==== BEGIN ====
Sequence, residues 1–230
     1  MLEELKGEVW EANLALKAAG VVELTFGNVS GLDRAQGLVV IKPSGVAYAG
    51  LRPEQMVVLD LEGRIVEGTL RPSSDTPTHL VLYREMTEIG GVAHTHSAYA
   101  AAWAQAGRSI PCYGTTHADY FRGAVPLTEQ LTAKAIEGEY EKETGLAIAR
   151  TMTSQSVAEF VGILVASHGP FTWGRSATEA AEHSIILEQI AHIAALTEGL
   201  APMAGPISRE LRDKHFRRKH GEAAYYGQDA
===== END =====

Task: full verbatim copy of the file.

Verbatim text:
Sequence, residues 1–230
     1  MLEELKGEVW EANLALKAAG VVELTFGNVS GLDRAQGLVV IKPSGVAYAG
    51  LRPEQMVVLD LEGRIVEGTL RPSSDTPTHL VLYREMTEIG GVAHTHSAYA
   101  AAWAQAGRSI PCYGTTHADY FRGAVPLTEQ LTAKAIEGEY EKETGLAIAR
   151  TMTSQSVAEF VGILVASHGP FTWGRSATEA AEHSIILEQI AHIAALTEGL
   201  APMAGPISRE LRDKHFRRKH GEAAYYGQDA